2015 Strava Insights Show Landscape in the UK
Strava, the social network for athletes, has published its annual End of Year Insights for 2015. Comprising of millions of individual runs and rides, the data offers unique insight into the habits and behaviour of Britain’s cyclists and runners.
The data reveals that in 2015 a staggering 5.3 activities were uploaded and shared on the social network every second. Such an immense depth of data allows documentation and analysis of the UK’s growth in the world of cycling and running, while also providing direct comparison with the Strava community on a global scale.
– Globally, Strava athletes uploaded a staggering 5.3 activities every second
– Over 23 million rides uploaded in the UK
– Nearly 11 million runs uploaded in the UK
– Average speed for UK male cyclist 24.3 km/h, female UK cyclist 19.8 km/h
– Average cycling commuter distance in UK is 15.9 km
– A total of 86,760,994 km run in the UK
– Average pace for UK male runner 5:17/km, female runner 6:13/km
Across Strava’s global platform, cyclists shared a total of 115,788,472 rides in 2015, who clocked up a total of 4,145,814,539 km – almost enough for a one-way trip to Neptune. Strava’s cyclists together accumulated 40,621,683,169 metres in elevation gain. Sunday 7th June was the most popular day for cycling.
Cycling uploads on Strava continue to grow and grow as Britain’s riders logged 23,126,613 individual rides throughout the year, totting up 684,891,474 km along the way. A scorching 32.5°C was recorded on Tuesday 30th June and the result proved to be the year’s most popular day for a ride, enticing Brits to take to the saddle. Though the nation’s landscape does not offer the same grandiose mountain vistas of Europe, riders still managed to reach an impressive 5,988,836,574 meters of elevation gain.
For average ride distance, men recorded 41 km for each ride, while women averaged 34 km. The average ride time was yet another marginal difference as the women’s 2hr 04 min put them in the saddle for longer than the men, who registered 1hr 59min in comparison. Women recorded an average speed of 19.8 km/h for an individual ride, with men registering 24.3 km/h.
Lincolnshire emerged as the fastest county with an average speed of 24.4 km/h, Pembrokeshire took the title of longest average ride with 39.8 km and Merthyr Tydfil the hilliest; demanding its riders to average 630m of climbing per ride through the Welsh valleys.
Strava also revealed that London was the most active location in the UK with 3,551,322 rides logged, a considerable margin of difference over its nearest rival West Yorkshire, where they totalled 795,836. Cambridgeshire and its great swathes of fenland produced a similarly expected statistic, mustering only 119m of climbing as it earned the title of flattest average ride. Richmond Park’s Full Sawyers Uphill was the most popular segment in the world in 2015, with 33,226 individuals attempting the climb.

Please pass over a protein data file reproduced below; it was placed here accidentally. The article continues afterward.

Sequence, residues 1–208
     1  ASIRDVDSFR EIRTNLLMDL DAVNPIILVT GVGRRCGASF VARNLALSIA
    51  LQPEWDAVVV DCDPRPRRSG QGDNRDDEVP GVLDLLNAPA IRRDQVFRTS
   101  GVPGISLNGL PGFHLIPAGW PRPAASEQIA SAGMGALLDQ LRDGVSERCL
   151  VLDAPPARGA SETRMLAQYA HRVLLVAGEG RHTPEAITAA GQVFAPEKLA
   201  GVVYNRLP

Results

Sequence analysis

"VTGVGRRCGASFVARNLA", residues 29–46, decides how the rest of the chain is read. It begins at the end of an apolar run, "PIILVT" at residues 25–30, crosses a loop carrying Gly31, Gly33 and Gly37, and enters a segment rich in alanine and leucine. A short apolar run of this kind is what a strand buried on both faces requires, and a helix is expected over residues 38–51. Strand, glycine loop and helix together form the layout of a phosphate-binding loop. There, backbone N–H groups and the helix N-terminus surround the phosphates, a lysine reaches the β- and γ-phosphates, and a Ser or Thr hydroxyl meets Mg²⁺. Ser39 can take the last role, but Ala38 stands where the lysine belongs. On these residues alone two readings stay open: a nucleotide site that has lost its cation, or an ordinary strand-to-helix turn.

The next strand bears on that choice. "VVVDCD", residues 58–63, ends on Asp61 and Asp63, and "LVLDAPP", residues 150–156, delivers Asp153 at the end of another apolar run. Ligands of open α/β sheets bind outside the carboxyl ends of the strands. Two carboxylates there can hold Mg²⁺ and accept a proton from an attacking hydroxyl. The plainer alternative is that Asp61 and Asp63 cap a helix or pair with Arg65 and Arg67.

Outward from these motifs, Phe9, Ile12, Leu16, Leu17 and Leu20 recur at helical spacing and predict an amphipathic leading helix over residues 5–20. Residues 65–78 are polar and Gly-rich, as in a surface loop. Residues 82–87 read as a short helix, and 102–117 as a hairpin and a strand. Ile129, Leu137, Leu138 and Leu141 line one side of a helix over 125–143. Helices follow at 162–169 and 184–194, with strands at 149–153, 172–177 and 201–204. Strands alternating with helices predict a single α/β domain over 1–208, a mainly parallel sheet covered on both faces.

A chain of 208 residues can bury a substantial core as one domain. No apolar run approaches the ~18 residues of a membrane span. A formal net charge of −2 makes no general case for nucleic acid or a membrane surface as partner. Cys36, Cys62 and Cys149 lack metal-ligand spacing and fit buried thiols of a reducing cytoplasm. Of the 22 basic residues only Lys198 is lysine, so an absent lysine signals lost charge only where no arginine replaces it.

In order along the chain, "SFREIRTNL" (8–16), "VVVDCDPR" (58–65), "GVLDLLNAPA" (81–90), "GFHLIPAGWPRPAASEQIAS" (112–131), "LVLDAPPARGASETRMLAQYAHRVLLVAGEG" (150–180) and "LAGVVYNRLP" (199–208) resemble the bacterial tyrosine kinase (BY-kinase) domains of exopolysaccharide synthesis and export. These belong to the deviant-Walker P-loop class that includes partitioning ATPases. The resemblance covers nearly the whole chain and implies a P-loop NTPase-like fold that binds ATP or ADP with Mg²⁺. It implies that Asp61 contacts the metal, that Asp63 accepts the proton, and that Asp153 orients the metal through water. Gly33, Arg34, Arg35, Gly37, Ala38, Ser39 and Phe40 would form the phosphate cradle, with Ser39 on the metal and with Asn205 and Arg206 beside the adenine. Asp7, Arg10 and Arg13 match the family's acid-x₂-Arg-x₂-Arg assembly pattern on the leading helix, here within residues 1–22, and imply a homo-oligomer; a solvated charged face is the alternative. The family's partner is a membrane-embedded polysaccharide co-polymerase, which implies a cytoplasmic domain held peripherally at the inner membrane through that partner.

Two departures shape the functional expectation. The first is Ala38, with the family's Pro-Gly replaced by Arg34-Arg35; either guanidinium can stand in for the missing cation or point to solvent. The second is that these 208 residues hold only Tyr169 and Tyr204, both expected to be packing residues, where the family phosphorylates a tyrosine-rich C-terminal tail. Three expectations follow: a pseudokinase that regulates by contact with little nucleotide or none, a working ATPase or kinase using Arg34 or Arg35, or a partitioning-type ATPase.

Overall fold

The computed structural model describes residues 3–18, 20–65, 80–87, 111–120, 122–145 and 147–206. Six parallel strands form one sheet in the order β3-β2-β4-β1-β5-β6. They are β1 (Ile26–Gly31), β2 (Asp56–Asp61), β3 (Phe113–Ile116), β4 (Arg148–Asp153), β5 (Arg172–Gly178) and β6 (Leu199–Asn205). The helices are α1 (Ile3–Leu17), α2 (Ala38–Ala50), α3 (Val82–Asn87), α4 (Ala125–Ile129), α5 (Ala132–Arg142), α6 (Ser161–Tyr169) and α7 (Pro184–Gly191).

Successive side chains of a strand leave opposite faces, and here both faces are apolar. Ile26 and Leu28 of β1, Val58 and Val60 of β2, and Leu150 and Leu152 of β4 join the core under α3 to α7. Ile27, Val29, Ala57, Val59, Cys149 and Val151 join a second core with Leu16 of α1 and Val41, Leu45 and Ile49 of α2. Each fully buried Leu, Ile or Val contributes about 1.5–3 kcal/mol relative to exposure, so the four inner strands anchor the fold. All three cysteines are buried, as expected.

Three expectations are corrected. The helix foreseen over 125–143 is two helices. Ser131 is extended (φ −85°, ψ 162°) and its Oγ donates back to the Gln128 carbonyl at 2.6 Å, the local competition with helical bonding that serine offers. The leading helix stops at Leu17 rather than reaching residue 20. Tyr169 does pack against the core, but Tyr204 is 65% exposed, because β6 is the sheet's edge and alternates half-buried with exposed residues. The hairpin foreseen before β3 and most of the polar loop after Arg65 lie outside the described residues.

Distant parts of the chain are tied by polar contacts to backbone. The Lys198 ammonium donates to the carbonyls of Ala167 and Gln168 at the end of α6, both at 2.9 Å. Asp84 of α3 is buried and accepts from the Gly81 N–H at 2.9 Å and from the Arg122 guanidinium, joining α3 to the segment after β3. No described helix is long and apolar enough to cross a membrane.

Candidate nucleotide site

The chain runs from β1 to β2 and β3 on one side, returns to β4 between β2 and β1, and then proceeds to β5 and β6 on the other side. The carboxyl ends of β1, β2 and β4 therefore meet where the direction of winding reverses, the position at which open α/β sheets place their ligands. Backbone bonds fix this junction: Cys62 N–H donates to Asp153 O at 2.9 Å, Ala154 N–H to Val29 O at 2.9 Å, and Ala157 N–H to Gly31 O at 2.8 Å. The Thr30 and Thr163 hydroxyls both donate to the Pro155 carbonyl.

For many of Strava’s members, commuting is a large part of their daily routine, with an average of 171,576 rides recorded as commutes to and from work every week. A pacey average of 23.7 km/h ensured riders made it in on time, tackling an average 15.9 km door-to-door. Winter was an unappealing affair for many, axing commuter activity by 50.6% as people returned to other methods of transport.
Runners around the world clocked up 52,006,574 runs on Strava, recording the equivalent of 275,648 marathons along the way, as they reached an impressive running total of 434,262,247 km. Unlike Strava’s cyclists, who chose early summer to reach their peak activity, the runners looked to the tail end of the season in order to stretch their legs and marked Sunday 13th September as the most active day for a run. Global elevation gain was one of the most astounding statistics for Strava runners, reaching the dizzying heights of 3,810,420,727 meters in total.
The UK contributed 10,879,161 runs and 86,760,994 km to the global figures. Men recorded an average pace of 5:17/km for their average running distance of 8.4 km, while women recorded a pace of 6:13 over their 7 km runs.
During the year, men and women spent a similar amount of time pounding the roads, parks and countryside of Britain; finishing only 36 minutes apart as men totalled 14hr 38min to women’s 14hr 02min over the course of the year. London and West Yorkshire once again locked horns for most active location, with the capital’s runners completing 1,350,078 activities to its northern rival’s 416,215.
Wales proved a similarly lumpy affair for runners as it did cyclists, charting 177m of elevation on average, while also seeing Powys secure top spot in both longest average distance 9.8 km run and longest average moving time 1hr 07min.
Tuesday 14th April had the most people digging out their running shoes and commuting into work, encouraging 5,751 to swap their usual mode of transport to work up a sweat instead. Commuters heading in on foot spent a minute less travelling than their cycling counterparts (38 min v 39 min) and uploaded 19,137 runs to Strava each week.
Simon Klima, UK Country Manager for Strava, commented; “This latest release of Strava’s data demonstrates once again the great depth of insight which is available when collating the activities of the world’s cyclists and runners.”
He continued: “The UK’s Strava story offers us an unprecedented opportunity to analyse and interpret a broad spectrum of data, helping to understand behaviour and habits; as well as providing real world feedback on how people utilise their local roads for both exercise and commuting.”
To find out more about Strava, please visit www.strava.com
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